Denmark could become the first country in Europe to impose a generational limit on access to tobacco and nicotine products – something that is already under discussion in New Zealand and Malaysia.
A plan to ban access to tobacco and nicotine products to anyone born in or after 2010 was announced yesterday by health minister Magnus Heunicke.
The proposal states that a nicotine-free generation 2010+ will be a historic milestone in terms of preventing illness and death and creating healthier lives. Prohibiting anyone under the age of 20 from accessing tobacco products by 2030 will help it achieve this.
The move is part of the new government’s planned health reforms, outlined in a document entitled Make Denmark Healthier, which aim to tackle health inequalities such as tobacco usage.
The government will discuss the approach to achieving this with the parliamentary parties, the EU and other relevant bodies.
Within the EU, Denmark has for years been on the forefront of imposing restrictions beyond the Tobacco Products Directive (TPD) and it is very likely that the country will try to get its nicotine-free generation 2010+ policy onto the EU-wide agenda in the future.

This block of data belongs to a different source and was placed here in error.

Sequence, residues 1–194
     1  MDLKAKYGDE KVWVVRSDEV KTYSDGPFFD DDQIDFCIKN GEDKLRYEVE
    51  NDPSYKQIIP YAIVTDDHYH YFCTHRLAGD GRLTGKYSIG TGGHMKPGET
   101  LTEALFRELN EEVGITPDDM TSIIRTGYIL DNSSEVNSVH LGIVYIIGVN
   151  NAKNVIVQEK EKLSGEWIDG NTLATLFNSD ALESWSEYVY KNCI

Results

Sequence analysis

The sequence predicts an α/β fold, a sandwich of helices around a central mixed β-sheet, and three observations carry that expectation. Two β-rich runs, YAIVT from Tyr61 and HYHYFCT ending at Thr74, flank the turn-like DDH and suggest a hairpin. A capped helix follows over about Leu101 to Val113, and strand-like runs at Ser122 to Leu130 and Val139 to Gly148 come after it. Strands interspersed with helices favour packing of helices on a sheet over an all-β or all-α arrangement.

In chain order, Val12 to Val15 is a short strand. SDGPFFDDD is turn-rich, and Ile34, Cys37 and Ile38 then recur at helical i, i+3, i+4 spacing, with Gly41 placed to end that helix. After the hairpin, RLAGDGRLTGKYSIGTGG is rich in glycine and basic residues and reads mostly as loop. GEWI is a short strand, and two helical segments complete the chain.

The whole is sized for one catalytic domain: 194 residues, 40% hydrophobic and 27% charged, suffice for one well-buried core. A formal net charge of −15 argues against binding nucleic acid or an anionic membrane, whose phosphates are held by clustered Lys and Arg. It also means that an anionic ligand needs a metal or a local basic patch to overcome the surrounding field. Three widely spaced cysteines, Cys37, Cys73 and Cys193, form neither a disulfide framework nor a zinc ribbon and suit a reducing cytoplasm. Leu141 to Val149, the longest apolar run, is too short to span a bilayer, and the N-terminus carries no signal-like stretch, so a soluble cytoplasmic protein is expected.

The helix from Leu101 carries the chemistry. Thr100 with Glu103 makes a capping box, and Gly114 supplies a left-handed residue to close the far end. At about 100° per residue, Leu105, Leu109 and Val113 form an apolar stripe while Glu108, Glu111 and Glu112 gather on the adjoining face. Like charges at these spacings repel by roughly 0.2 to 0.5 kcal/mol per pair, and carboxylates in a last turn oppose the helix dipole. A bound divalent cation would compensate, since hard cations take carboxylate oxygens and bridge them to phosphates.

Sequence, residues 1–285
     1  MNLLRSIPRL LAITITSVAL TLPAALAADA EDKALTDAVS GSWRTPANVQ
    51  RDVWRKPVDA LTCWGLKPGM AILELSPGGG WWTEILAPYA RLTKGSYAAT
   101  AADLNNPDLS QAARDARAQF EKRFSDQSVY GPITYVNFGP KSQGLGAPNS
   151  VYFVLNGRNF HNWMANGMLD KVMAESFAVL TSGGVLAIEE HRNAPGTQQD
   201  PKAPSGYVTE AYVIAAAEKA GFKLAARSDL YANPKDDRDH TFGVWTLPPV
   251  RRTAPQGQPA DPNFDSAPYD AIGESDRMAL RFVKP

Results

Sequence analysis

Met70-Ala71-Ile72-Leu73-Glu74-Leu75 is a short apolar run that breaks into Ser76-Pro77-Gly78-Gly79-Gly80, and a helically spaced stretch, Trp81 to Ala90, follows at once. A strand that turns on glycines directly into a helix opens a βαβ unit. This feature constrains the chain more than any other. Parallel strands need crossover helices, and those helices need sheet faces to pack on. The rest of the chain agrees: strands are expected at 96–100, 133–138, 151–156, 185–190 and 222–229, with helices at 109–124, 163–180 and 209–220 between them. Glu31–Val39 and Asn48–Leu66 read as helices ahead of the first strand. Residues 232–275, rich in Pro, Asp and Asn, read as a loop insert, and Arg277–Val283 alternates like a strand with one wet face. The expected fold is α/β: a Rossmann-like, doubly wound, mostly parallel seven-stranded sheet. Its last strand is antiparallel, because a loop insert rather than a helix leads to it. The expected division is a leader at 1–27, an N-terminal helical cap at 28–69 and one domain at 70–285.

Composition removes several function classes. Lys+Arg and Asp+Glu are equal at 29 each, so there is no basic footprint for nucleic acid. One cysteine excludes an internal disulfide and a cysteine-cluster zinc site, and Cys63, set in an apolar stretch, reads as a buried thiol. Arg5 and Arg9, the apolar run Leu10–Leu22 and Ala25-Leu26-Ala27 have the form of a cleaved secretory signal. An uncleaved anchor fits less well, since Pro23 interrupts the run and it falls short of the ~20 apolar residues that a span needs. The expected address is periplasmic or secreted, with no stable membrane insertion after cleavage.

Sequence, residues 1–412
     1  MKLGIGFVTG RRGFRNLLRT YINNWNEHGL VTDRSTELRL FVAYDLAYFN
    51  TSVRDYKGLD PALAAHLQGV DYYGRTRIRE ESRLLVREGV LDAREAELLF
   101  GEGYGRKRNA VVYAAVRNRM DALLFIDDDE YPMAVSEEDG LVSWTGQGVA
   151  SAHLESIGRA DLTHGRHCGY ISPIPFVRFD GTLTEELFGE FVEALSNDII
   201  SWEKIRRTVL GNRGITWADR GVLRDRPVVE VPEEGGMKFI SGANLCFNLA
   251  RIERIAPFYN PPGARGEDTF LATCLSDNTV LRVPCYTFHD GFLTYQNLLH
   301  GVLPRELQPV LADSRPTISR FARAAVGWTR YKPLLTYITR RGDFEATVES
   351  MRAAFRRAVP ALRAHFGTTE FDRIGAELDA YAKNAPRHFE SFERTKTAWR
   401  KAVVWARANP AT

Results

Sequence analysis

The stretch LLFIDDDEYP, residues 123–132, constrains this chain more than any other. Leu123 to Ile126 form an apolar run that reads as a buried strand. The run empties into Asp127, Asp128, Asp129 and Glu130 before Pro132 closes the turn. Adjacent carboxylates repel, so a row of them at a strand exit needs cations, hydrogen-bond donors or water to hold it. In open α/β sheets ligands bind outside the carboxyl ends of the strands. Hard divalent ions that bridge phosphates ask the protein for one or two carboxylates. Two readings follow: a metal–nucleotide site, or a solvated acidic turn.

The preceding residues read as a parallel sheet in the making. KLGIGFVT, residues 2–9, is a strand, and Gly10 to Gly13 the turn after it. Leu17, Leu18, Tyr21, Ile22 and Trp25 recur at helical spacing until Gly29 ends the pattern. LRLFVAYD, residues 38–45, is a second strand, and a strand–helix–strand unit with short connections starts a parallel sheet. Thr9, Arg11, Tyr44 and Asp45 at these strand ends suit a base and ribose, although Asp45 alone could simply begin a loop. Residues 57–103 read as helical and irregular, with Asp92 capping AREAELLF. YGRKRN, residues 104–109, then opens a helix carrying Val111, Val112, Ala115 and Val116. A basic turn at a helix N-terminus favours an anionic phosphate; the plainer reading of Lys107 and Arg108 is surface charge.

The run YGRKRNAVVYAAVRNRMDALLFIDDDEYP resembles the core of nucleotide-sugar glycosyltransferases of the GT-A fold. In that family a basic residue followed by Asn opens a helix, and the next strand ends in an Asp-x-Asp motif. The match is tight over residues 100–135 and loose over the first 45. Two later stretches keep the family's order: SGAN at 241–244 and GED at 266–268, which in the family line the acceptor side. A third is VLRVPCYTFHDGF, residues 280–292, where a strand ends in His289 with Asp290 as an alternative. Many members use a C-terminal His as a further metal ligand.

Since last year, nicotine pouches must be notified in Denmark to the regulator and must comply with certain retail and advertising restrictions. While new products must carry a health warning covering 30% of the largest surface, those manufactured before 1st July 2021 must become compliant by 1st April 2022.
An excise tax of 5.5 cents per mg of nicotine will start applying from 1st July 2022. According to government estimates, this will lead to a price increase of DKK11 (€1.48) for a standard pack of 20 pouches.
– Marija Obradovic TobaccoIntelligence staff
Photo: Kevin Schmid